Higher BPA concentrations have been linked by recent studies to higher incidences of cardiovascular diseases (Lang et al 2008)​ and lower human sperm quality (De-Kun Li et al. 2010).

More important issues

Parnell called for an FSA response to a “pressing matter” ​upon which there is a considerable lack of public knowledge of potential risks – where she noted that BPA can leach into baby’s milk, especially when polycarbonate feed bottles are heated up, and other foods.

She also stressed concerns given the compound’s widespread use in food products such as can linings.

But Coggon said a recent European Food Safety Authority (EFSA) toxicity review of BPA reconfirmed a tolerable daily intake (TDI) of 0.05mg/kg bodyweight for the compound, “This is a daily level of exposure over the course of a lifetime from which there is reasonable confidence that adverse health effects would not occur”.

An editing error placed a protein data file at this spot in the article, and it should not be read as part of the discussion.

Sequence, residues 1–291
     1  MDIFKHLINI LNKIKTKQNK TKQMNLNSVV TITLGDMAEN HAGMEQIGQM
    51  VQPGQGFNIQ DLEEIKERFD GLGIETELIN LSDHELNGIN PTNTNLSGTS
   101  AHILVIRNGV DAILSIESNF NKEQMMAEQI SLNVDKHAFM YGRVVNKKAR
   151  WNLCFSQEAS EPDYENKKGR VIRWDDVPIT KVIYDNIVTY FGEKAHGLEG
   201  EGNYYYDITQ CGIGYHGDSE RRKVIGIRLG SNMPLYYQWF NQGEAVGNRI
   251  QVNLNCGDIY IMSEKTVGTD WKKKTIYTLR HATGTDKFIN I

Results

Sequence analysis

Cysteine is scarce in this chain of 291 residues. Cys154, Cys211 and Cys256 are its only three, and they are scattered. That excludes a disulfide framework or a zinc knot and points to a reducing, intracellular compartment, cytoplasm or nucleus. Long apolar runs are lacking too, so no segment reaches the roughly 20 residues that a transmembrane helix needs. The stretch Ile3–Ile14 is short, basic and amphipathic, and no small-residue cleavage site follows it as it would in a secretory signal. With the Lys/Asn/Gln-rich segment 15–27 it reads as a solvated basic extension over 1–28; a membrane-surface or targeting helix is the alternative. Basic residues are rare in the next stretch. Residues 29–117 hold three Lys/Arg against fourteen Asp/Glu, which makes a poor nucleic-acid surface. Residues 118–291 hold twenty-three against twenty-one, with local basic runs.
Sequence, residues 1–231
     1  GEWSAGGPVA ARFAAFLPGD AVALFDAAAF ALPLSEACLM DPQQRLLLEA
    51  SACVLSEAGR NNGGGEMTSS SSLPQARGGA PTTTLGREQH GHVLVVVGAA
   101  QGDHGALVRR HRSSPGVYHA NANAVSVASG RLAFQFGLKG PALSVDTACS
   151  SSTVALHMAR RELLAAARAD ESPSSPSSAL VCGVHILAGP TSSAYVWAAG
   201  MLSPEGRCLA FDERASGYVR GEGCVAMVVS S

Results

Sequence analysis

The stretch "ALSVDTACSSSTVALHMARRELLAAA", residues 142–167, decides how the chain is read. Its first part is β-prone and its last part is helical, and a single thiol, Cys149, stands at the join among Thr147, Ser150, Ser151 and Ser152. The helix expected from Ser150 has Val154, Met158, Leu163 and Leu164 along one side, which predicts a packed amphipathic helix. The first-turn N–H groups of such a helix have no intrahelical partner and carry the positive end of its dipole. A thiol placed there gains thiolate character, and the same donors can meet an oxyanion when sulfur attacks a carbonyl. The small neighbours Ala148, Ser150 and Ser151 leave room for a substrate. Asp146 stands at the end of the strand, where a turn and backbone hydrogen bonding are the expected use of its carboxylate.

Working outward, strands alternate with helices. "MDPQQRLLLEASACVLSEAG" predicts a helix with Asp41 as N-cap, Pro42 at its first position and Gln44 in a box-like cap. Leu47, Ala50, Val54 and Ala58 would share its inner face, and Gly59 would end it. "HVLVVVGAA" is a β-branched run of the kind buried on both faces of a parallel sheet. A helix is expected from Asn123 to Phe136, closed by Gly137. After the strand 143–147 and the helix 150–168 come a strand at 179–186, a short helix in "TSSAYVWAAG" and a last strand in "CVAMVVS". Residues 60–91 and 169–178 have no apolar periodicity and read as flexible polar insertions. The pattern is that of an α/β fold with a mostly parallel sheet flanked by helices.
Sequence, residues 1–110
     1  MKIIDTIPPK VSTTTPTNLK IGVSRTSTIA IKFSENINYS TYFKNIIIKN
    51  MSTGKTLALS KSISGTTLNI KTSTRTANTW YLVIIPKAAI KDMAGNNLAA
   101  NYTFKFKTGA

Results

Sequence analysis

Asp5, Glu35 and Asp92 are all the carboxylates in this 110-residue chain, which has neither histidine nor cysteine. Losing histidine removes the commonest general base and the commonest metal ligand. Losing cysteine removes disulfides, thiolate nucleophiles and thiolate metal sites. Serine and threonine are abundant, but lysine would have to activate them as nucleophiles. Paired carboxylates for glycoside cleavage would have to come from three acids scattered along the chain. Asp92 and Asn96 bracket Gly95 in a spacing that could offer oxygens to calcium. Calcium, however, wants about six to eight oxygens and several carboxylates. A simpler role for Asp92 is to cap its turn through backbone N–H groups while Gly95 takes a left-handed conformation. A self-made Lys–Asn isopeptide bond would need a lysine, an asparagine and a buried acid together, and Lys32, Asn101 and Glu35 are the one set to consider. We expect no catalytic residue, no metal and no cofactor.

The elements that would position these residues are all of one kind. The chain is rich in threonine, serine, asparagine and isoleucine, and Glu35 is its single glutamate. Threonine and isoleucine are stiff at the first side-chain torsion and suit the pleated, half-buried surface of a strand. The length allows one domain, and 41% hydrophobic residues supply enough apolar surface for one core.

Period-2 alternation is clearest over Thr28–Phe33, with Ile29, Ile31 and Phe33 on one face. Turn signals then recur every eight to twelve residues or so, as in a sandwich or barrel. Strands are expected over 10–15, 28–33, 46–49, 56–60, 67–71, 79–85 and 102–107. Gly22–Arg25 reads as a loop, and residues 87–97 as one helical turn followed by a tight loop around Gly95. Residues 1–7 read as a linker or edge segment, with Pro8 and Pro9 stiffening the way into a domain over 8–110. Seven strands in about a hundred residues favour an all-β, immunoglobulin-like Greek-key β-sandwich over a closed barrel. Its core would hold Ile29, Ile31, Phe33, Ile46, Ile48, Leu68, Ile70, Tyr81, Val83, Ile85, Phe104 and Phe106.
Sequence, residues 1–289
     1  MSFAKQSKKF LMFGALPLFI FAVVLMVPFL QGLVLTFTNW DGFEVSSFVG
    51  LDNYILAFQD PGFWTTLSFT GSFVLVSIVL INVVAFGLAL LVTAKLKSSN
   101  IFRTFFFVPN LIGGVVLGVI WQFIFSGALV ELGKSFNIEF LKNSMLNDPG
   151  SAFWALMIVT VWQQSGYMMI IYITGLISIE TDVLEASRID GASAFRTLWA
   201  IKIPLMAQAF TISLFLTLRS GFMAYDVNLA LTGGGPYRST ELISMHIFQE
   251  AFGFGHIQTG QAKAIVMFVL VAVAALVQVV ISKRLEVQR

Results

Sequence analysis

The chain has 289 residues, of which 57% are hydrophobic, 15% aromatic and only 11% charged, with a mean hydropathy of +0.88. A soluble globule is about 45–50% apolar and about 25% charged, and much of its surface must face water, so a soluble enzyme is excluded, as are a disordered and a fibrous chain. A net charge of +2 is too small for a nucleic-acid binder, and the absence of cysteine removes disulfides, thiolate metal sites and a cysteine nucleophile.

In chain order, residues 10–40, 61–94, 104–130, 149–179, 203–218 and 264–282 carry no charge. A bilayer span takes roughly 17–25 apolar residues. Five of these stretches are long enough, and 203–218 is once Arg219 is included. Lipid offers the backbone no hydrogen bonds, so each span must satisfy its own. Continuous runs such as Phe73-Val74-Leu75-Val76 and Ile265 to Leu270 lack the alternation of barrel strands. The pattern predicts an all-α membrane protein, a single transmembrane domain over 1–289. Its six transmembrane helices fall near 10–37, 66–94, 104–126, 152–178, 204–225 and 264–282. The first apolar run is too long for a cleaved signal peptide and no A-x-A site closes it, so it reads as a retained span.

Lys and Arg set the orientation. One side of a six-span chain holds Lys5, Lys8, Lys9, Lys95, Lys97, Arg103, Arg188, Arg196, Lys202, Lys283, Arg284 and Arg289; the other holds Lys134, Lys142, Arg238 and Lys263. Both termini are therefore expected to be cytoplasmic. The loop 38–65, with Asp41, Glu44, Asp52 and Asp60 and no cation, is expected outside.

“A disadvantage of over-precautionary advice to consumers is that it distracts attention from other more important factors, such as … microbial contamination of food,”​ he added.

Asbestos, thalidomide…

However, Parnell said the FSA risked isolation – following decisions to limit or ban BPA’s use in Canada, France, Denmark and elsewhere. “Surely we’ve learned from the lessons of asbestos, pregnancy X-rays, thalidomide, and ​[synthetic oestrogen] diethylstilboestrol (BPA’s big sister),” ​she said.

“The FSA has had the courage to remove suspected substances in the past on similar evidence.”